The specifications committee of the Steel Founders Society issues a Steel Castings Handbook with supplements. Supplement 1 provides design rules and data based on the fluidity and solidification of steel, mechanical principles involved in production of molds and cores, cleaning of castings, machining, and functionality and weight aspects. Data and examples are included to show how these rules are applied. Supplement 2 summarizes the standard steel castings specification issued by the ASTM SAE, Assoc. of Am. Railroads (AAR), Am. Bur of Shipping (ABS), and Federal authorities, and provides guidance as to their applications. Information is included for carbon and alloy cast steels, high alloy cast steels, and centrifugally cast steel pipe. Details are also given of standard test methods for steel castings, including mechanical, non-destructive (visual, liquid penetrant, magnetic particle, radiographic, and ultrasonic), and testing of qualifications of welding procedures and personnel. Other supplements cover such subjects as tolerances, drafting practices, properties, repair and fabrication welding, of carbon, low alloy and high alloy castings, foundry terms, and hardenability and heat treatment.
Austenitic Manganese Cast Steel: Austenitic manganese cast steel is an important high-alloy cast steel which provides a high degree of shock and wear resistance. Its composition normally falls within the following ranges: carbon, 1.00 to 1.40 percent; manganese, 10.00 to 14.00 percent; silicon, 0.30 to 1.00 percent; sulfur, 0.06 percent max.; phosphorus, 0.10 percent, max. In the as-cast condition, austenitic manganese steel is quite brittle. In order to strengthen and toughen the steel, it is heated to between 1830 and 1940°F (999 and 1060°C) and quenched in cold water. Physical properties of quenched austenitic manganese steel that has been cast to size are as follows: tensile strength, 80,000-100,000 psi (552–689 MPa); shear strength (single shear), 84,000 psi(579 MPa); elongation in 2 inches(50.8 mm), 15 to 35 percent; reduction in area, 15 to 35 percent; and Brinell hardness number, 180 to 220. When cold worked, the surface of such a casting increases to a Brinell hardness of from 450 to 550. In many cases the surfaces are cold worked to maximum hardness to assure immediate hardness in use. Heat-treated austenitic manganese steel is machined only with great difficulty since it hardens at and slightly ahead of the point of contact of the cutting tool.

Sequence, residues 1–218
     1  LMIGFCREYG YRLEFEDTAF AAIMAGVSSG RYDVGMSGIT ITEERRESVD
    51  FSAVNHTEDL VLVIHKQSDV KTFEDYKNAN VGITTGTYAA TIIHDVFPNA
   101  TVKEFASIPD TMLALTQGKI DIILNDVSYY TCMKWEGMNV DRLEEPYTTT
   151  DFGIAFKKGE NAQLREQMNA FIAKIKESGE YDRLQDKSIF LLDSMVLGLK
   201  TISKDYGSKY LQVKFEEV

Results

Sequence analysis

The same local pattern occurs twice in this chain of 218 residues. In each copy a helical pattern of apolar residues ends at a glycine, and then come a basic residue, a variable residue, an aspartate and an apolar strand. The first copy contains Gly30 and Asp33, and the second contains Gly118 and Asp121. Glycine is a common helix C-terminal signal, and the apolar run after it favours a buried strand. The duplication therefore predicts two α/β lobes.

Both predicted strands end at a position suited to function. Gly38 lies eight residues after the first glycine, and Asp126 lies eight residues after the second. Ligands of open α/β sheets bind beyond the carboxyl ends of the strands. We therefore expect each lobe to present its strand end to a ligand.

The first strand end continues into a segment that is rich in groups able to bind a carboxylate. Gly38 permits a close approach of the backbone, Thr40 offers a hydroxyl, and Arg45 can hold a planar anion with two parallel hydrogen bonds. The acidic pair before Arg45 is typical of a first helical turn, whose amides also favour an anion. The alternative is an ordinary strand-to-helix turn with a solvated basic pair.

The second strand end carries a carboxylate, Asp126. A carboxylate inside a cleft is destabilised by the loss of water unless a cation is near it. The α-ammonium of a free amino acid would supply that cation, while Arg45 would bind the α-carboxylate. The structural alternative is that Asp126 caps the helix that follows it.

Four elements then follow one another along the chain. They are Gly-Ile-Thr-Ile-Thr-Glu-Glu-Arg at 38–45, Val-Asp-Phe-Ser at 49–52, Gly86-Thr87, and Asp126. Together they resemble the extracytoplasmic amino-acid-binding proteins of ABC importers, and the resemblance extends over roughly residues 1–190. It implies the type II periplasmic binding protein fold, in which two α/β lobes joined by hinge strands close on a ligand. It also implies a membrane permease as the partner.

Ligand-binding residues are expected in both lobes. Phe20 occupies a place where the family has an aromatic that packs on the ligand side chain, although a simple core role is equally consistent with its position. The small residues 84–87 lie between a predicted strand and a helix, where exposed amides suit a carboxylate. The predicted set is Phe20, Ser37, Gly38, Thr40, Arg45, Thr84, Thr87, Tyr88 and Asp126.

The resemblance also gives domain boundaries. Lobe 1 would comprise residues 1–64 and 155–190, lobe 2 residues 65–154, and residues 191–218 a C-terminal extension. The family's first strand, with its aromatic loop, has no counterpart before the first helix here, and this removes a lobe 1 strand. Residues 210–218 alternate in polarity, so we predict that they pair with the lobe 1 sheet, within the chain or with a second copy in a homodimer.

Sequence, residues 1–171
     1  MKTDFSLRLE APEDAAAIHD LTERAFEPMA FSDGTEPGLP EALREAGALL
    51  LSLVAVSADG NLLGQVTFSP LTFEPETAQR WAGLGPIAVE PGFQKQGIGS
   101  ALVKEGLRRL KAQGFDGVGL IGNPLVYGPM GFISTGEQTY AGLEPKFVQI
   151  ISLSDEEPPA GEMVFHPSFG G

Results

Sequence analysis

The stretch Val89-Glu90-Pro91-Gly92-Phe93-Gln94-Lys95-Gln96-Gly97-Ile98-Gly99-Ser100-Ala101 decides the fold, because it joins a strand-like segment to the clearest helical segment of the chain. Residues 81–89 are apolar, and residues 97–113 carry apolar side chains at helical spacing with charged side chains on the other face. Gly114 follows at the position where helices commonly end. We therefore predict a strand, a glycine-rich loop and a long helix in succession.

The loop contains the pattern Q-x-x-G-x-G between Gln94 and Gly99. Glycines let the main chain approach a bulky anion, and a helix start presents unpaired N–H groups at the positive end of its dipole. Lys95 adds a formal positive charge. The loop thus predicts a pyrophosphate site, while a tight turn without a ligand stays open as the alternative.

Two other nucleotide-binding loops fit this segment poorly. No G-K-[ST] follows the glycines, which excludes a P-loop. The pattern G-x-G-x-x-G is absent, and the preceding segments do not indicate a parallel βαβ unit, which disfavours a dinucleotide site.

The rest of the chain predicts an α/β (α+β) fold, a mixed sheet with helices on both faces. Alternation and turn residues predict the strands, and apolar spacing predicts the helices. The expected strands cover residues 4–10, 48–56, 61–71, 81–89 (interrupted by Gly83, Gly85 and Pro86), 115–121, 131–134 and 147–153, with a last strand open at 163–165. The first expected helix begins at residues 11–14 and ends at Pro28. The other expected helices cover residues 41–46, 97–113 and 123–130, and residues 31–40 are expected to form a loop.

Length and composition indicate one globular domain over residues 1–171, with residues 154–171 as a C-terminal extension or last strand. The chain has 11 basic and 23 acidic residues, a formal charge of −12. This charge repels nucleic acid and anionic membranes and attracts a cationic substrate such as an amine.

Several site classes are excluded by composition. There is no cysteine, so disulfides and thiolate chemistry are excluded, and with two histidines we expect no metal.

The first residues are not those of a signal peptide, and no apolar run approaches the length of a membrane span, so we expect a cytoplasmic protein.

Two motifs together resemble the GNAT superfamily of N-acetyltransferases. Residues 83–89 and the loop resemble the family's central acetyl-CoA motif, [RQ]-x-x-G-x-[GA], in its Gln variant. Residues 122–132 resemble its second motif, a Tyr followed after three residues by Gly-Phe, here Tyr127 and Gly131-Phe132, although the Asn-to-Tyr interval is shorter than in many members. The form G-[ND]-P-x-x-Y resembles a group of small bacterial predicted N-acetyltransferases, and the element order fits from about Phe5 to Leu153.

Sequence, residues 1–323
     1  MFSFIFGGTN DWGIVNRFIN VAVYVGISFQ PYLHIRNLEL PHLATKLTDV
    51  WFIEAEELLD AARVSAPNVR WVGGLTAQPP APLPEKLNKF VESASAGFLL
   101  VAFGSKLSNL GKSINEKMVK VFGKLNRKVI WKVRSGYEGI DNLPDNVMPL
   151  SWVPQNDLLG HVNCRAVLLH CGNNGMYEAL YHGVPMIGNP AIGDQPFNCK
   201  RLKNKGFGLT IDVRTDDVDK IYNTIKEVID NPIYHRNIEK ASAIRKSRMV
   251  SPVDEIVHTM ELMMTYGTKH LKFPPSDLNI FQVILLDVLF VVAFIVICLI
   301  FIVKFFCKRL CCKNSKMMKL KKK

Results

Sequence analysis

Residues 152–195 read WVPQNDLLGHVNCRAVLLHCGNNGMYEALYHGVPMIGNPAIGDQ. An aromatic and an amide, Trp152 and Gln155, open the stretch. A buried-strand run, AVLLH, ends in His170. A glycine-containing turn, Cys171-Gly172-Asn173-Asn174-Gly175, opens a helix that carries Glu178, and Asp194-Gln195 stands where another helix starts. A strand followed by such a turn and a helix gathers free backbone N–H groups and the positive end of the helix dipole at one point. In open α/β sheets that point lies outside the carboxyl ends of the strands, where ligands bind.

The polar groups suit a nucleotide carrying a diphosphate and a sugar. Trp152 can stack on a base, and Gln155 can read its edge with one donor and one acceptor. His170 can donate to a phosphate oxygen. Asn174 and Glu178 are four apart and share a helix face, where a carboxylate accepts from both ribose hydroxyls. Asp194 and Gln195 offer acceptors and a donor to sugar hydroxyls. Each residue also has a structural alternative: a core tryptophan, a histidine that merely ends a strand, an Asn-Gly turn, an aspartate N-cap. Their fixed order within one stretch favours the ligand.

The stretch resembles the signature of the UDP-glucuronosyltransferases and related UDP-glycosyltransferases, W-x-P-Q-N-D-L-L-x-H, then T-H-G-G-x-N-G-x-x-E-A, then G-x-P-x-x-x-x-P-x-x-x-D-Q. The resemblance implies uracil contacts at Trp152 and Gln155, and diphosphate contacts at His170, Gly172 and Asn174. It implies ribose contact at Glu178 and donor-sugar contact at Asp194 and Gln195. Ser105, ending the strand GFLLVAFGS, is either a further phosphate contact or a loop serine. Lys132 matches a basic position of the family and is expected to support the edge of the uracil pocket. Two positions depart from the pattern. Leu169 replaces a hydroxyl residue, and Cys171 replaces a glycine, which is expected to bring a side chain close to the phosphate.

a Remainder is iron.
b For low ferrite or non-magnetic castings of this grade, the following values shall apply: tensile strength, min, 65 ksi (450 MPa); yield point, min, 28 ksi (195 MPa).
Grinding wheels mounted on specially adapted machines are used for boring, planing, keyway cutting, and similar operations on this steel. Where grinding cannot be employed and machining must be resorted to, high-speed tool steel or cemented carbide tools are used with heavy, rigid equipment and slow, steady operation. In any event, this procedure tends to be both tedious and expensive. Austenitic manganese cast steel can be arc-welded with manganese-nickel steel welding rods containing from 3 to 5 percent nickel, 10 to 15 percent manganese, and, usually, 0.60 to 0.80 percent carbon.